01 Nov 2005

Performance Work

Inspired by the recent performance love day and by the awesome work of Luis Menina and Federico about the slowness of ‘replace all’ in gedit, yesterday evening I decided to give it a look myself.

Federico explained in detail the first big offender (setting the sensitivity of the ‘find again’ menu item on every match), however once fixed that issue, ‘replace all’ is still fairly slow, so we need to continue our quest.
Next thing showing up in the profile is the statusbar code: the cursor position on the statusbar is updated every time the cursor moves, but that means that during ‘replace all’ the statusbar text changes on every match without need!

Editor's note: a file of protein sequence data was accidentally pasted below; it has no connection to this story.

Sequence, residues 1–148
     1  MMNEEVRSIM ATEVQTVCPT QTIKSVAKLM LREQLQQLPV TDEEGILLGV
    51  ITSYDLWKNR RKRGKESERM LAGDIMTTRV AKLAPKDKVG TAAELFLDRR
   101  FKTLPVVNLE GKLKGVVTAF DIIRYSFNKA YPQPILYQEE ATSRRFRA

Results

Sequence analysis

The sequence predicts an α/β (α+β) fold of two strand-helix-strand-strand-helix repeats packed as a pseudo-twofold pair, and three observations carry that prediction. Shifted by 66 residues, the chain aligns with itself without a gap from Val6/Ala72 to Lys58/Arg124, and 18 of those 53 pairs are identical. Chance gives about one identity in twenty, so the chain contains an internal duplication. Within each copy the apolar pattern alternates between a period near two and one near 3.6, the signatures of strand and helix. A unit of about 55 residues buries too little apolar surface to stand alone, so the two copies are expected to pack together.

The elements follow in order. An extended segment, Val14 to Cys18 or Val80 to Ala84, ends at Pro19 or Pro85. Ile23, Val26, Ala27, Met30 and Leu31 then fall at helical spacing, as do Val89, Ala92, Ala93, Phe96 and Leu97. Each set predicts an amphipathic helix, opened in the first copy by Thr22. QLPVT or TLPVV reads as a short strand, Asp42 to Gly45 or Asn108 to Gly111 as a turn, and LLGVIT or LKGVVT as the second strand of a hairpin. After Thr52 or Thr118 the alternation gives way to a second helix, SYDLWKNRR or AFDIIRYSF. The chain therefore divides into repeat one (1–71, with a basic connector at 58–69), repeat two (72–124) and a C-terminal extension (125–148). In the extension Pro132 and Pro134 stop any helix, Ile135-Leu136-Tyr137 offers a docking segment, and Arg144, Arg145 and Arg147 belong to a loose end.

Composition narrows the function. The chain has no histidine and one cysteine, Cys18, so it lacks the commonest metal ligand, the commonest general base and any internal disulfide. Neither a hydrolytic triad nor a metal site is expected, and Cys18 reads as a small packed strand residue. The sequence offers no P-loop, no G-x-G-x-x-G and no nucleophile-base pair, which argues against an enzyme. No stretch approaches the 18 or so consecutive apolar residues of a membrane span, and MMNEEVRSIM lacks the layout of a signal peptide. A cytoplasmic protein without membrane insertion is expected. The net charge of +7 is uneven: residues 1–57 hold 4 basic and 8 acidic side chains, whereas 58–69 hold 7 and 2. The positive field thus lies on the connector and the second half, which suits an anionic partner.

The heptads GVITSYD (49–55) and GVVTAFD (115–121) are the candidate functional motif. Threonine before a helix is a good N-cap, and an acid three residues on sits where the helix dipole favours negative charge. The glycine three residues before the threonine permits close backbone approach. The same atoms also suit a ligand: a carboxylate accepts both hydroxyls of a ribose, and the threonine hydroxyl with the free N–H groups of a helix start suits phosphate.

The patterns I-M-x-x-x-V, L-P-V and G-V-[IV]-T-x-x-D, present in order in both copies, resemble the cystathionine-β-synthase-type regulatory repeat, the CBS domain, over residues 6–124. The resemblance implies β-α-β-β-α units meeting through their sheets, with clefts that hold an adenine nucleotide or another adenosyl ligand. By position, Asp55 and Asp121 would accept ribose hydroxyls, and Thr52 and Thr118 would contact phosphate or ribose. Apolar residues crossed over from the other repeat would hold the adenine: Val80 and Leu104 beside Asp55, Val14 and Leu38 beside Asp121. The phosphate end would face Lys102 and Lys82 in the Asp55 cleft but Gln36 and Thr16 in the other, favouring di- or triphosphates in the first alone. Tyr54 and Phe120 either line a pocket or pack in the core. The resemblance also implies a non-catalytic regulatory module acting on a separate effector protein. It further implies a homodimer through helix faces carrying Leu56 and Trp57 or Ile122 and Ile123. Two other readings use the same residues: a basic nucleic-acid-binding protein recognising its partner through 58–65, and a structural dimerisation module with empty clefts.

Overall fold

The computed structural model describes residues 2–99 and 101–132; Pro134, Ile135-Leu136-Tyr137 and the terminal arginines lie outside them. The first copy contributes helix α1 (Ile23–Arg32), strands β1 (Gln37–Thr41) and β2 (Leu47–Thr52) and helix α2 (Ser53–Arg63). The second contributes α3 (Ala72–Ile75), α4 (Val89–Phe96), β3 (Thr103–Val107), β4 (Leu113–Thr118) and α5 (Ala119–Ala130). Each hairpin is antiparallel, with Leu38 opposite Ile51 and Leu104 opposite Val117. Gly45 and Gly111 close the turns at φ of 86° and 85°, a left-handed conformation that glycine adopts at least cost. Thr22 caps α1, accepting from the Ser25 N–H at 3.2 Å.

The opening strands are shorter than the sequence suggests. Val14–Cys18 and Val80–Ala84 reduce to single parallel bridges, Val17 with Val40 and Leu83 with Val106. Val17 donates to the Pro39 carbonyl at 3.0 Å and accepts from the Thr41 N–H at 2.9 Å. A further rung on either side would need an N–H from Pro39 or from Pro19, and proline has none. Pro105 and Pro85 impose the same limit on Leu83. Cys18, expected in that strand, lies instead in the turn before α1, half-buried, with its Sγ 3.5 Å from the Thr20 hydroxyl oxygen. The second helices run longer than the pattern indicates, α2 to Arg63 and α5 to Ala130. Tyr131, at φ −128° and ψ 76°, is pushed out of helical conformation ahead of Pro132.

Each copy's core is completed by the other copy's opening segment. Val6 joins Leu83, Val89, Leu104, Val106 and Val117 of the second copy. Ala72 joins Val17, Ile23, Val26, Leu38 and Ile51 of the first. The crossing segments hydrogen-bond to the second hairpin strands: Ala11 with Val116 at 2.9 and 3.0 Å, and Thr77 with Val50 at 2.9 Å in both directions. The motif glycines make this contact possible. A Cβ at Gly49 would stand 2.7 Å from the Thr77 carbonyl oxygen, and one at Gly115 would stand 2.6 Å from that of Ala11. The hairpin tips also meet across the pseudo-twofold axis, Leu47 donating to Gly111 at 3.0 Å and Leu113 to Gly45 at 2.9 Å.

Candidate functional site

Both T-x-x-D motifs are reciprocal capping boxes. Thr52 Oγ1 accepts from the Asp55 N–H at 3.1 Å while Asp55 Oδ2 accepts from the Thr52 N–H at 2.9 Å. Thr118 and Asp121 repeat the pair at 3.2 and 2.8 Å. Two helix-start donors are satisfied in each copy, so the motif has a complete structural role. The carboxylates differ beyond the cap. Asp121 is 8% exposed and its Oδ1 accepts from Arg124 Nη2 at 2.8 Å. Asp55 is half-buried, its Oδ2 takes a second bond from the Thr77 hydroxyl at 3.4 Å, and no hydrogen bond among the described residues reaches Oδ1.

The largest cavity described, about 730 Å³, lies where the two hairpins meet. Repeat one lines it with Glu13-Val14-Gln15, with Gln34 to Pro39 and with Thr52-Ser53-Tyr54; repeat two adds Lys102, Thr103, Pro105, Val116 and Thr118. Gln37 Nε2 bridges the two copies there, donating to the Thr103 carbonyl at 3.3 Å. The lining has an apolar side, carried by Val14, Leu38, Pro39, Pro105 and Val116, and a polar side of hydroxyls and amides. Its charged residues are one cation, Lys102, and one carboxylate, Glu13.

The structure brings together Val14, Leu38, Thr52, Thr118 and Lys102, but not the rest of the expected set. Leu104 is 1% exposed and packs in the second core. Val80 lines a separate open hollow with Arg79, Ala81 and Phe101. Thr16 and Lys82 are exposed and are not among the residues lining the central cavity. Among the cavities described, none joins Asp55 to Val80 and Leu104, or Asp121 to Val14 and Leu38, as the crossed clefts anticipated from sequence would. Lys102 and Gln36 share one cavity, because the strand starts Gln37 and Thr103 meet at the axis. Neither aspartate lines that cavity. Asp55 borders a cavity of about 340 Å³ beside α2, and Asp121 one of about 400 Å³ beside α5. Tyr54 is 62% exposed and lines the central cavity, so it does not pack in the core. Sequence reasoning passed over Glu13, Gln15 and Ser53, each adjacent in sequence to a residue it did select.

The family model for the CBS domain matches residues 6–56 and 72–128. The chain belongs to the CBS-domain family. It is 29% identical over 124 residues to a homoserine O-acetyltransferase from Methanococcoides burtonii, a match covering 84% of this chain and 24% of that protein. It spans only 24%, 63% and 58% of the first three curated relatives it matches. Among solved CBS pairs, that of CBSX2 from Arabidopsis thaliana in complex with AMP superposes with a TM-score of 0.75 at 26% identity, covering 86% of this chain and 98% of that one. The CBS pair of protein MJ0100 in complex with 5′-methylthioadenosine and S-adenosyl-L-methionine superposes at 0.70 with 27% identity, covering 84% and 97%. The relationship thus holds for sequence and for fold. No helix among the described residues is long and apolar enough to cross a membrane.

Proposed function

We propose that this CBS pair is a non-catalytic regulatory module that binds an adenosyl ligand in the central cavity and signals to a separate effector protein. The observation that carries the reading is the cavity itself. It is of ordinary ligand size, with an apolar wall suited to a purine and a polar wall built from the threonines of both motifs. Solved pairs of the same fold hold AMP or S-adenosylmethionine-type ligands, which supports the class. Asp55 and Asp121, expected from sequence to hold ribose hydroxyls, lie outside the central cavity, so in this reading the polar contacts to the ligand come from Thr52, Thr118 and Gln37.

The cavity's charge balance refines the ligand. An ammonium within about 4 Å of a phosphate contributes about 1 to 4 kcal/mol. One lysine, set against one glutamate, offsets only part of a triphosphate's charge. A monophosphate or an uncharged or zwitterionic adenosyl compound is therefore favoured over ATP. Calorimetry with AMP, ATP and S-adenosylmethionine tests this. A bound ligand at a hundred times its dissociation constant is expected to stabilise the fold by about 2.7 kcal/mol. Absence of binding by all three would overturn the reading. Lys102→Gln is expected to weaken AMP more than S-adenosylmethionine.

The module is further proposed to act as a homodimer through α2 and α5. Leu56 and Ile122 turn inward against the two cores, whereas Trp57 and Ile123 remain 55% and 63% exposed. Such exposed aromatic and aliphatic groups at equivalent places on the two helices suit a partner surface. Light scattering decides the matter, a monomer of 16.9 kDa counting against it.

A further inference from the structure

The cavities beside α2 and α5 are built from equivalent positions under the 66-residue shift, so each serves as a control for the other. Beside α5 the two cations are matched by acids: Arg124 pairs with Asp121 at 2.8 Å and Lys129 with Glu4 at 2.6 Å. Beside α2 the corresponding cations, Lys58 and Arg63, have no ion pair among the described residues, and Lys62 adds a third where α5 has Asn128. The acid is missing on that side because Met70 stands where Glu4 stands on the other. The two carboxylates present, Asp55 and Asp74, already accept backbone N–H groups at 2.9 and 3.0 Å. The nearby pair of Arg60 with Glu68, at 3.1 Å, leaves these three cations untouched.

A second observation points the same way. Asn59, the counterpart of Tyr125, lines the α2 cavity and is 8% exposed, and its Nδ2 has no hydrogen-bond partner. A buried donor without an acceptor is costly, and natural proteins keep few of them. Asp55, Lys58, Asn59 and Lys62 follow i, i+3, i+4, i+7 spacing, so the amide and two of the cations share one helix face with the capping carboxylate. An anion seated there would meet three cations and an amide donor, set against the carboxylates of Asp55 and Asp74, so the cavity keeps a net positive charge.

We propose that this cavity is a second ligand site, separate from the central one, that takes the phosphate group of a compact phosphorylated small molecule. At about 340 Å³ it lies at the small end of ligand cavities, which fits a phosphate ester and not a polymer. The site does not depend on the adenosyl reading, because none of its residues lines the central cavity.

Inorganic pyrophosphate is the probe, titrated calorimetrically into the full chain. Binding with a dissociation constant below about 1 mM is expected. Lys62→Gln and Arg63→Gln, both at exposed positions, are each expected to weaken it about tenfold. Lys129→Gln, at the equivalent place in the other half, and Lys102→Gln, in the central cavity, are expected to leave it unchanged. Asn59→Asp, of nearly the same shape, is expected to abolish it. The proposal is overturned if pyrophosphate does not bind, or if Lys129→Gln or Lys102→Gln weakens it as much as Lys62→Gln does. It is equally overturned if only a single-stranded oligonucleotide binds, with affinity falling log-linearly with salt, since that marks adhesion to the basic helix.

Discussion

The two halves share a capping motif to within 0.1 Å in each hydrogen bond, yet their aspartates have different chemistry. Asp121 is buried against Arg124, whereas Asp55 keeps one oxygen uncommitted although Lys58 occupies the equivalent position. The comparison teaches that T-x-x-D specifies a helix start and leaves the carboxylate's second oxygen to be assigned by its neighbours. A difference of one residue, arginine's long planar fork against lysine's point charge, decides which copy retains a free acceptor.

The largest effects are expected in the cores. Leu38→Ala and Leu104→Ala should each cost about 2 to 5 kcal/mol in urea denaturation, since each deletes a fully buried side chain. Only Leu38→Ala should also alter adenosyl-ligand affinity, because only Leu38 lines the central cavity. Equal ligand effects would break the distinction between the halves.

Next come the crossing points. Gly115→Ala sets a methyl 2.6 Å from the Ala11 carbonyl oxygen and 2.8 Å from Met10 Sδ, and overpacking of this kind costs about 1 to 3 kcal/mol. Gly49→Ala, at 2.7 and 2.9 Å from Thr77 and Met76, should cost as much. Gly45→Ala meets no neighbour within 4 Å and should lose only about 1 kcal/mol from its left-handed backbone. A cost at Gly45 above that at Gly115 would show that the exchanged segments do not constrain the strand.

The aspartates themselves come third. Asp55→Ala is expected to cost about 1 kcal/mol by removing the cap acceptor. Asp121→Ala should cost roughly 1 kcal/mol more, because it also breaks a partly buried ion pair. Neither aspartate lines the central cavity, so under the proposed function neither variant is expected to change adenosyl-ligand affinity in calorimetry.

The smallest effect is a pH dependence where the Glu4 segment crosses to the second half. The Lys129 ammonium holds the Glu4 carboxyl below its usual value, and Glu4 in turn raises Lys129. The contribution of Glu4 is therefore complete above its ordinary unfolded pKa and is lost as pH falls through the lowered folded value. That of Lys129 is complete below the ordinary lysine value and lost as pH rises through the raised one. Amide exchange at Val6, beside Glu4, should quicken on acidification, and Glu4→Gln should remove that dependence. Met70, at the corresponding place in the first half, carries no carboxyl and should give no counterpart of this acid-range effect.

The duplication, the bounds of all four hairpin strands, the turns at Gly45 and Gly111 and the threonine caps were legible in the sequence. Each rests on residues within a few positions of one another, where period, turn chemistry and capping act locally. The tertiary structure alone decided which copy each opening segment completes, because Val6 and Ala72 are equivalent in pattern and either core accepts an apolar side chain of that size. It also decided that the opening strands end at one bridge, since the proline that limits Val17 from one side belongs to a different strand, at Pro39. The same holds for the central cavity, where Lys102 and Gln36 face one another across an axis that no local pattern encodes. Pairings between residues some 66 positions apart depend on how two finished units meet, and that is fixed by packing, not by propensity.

That said, I didn’t feel like hacking on the old gedit codebase: note that these issues do not affect the new_mdi branch in the same way, since we changed our internal search api. The code there is not yet finalized there is no point in optimizing it yet, however these findings are very useful and will teach us to avoid making the same mistakes.

So I looked what was next in the profile… things started to become a bit less evident: if I was a serious person I should have fixed the statusbar issue and remeasured in order to get a better signal to noise ratio, but… ;)
Anyway, I spotted gtk_text_iter_forward_to_line_end taking up a few percents, which looked a bit strange. The first question was: “what has forward_to_line_end to do with search and replace?”. It turned out that GtkSourceView uses it to deal with line markers: fair enough.